Commonwealth of Nations

  • by: |
  • 08/13/2007
On Sunday the New York Times ran a 1292 word jihad against the American healthcare system. The thesis of the editorial is that “Many Americans are under the delusion that we have the best health care system in the world” because, in the words of the Gray Lady, we lag "well behind other advanced nations in delivering timely and effective care.”

For its facts and figures, the Times largely relies on “the highly regarded Commonwealth Fund” that has “pioneered” comparative studies with other advanced nations.

Let’s pause for a moment and shed a little light on the Commonwealth Fund and their most recent (heavily touted) comparative study of national healthcare systems.

The “highly regarded” Commonwealth Fund is also the same “highly Liberal” Commonwealth Fund that has been consistently lobbying for a U.S. single-payor healthcare system. It’s also important to note that the “pioneering” comparative study the Times refers to failed to sample in rural areas internationally where health and access disparities show up. And even then, Americans did as well or better than less diverse and urbanized countries in getting prompt care.

Why didn’t the Times mention this? At over 1290 words it certainly wasn’t because of space constraints. It’s worth repeating the old maxim that “research is like a bikini – what it shows you is interesting, but what it conceals is essential.”

There are so many variables when it comes to healthcare. The Times mentions only the ones that fits its thesis. For our national newspaper of record (and on a Sunday, no less) it’s amazingly simplistic. According to the editorial, our system is bad and single payor systems are good. Almost like a print version of SiCKO penned by Paul Krugman on an off-day.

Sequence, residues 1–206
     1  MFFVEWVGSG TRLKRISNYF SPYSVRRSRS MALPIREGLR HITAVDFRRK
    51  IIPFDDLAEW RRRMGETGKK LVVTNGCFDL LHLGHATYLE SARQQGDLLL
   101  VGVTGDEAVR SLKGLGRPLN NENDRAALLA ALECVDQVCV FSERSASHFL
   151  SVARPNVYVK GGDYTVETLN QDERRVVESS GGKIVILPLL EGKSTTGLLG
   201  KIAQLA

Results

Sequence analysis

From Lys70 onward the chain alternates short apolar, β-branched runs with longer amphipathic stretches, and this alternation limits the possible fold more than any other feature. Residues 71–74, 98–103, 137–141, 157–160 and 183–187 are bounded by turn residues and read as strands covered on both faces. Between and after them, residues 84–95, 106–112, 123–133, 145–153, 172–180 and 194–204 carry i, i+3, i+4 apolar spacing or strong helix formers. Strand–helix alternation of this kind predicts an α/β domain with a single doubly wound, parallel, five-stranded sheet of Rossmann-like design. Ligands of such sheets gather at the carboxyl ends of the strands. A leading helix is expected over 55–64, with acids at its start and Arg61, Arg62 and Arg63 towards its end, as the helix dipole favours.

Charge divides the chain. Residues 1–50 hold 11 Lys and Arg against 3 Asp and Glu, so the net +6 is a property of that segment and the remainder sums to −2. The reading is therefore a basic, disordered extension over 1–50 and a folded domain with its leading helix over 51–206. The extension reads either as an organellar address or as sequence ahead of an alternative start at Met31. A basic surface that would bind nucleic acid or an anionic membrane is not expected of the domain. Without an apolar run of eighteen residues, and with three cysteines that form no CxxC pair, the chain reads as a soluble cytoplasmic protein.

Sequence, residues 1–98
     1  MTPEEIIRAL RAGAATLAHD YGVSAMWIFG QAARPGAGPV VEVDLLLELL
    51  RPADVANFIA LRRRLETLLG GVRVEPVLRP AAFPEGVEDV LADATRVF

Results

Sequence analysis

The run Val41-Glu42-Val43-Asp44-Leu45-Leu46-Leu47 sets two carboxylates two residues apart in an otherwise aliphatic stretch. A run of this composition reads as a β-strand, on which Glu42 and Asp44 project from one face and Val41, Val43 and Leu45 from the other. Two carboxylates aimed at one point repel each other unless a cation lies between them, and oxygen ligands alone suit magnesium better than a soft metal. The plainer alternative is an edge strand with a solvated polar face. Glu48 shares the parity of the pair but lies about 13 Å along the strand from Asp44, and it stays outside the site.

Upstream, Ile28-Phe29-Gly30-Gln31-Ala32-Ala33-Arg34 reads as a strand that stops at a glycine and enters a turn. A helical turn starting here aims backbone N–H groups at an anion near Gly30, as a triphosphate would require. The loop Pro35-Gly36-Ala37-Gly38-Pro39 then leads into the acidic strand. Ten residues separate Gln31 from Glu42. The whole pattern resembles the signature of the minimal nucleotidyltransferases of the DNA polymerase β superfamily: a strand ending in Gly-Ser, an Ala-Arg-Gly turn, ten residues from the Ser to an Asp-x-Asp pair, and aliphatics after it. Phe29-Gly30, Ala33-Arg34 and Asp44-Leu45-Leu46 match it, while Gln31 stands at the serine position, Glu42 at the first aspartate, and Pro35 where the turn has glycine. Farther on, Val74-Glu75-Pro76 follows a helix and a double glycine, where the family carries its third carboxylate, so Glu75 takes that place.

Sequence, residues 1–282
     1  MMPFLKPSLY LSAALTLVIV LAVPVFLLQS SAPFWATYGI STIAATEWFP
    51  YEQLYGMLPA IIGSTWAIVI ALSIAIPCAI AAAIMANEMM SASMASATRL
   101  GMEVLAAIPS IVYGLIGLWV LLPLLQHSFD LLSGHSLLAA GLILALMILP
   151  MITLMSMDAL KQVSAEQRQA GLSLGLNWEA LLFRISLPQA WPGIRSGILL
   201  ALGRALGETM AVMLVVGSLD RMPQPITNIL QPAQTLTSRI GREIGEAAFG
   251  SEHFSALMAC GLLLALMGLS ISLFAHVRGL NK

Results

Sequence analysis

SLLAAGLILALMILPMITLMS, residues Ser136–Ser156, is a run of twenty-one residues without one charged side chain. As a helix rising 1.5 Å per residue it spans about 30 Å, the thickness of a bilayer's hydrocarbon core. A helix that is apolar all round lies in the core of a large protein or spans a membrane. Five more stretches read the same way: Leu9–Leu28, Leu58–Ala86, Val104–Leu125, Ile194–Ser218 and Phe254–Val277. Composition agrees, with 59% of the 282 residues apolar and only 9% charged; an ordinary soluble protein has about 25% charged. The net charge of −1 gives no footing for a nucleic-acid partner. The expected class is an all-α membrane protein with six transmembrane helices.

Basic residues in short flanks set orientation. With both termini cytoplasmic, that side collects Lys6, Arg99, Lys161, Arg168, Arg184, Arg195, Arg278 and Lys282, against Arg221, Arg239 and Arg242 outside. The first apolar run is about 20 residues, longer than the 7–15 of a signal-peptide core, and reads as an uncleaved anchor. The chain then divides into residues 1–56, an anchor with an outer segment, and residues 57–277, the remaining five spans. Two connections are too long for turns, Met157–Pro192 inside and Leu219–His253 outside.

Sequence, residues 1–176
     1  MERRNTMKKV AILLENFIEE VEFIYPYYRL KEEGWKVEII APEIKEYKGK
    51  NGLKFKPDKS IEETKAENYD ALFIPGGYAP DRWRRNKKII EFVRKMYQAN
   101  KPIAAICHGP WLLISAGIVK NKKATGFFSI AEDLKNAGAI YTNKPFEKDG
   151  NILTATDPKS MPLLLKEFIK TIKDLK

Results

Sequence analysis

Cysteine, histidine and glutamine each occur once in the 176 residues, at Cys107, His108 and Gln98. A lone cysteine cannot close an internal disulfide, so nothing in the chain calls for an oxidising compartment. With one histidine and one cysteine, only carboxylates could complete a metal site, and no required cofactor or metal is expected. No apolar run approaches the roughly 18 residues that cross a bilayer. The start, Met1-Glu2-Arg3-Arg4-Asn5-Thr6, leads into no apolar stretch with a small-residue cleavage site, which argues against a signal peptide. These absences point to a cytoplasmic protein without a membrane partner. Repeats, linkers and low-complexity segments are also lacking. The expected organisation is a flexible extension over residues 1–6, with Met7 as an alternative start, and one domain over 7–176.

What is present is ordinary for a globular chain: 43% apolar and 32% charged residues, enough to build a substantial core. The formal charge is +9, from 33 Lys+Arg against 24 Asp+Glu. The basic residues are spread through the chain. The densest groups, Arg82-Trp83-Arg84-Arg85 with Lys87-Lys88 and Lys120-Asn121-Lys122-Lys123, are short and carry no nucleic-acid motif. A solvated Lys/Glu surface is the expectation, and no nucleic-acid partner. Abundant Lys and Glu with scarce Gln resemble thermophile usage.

One point of discussion, conspicuous by its absence, is that Americans are the ones paying for global medical innovation. Indeed, what would survival rates for any number of diseases look like if a nation could only use medicines they helped pay to develop? This "disparity" is unfair to the American consumer and not sustainable. The rest of the world must accept its fair share of the burden for healthcarer R&D. Zero discussion of this by Andy Rosenthal and his associates.

Another issue absent from the Times editorial is the general state of healthcare record keeping from country to country. Perhaps the most polite way to address this issue is to say that it is uneven. And to allow the findings of the Commonwealth Foundation to drive the debate, while ignoring other, more detailed European-based research findings (such as those by Populus and the pan-European Stockholm Network) which point to significant dissatisfaction among EU citizens of single-payor nations on a wide swath of healthcare delivery issues is, well, curious.

But, most importantly, it’s crucial that we not allow slanted studies by folks at the Commonwealth Foundation or ill-considered propaganda like SiCKO to sucker us into believing that there is some universal “best” model for the delivery of healthcare – when what we really need to be debating is how to construct a healthcare system that provides the right care for the right patient at the right time. “Comparing” various national healthcare systems through poor research is as dangerous and fruitless as “comparing” the relative effectiveness of medicines using large scale population studies that weren’t designed for that purpose.

Unless, of course, you only want to use research that tells you what you want to hear.

Center for Medicine in the Public Interest is a nonprofit, non-partisan organization promoting innovative solutions that advance medical progress, reduce health disparities, extend life and make health care more affordable, preventive and patient-centered. CMPI also provides the public, policymakers and the media a reliable source of independent scientific analysis on issues ranging from personalized medicine, food and drug safety, health care reform and comparative effectiveness.

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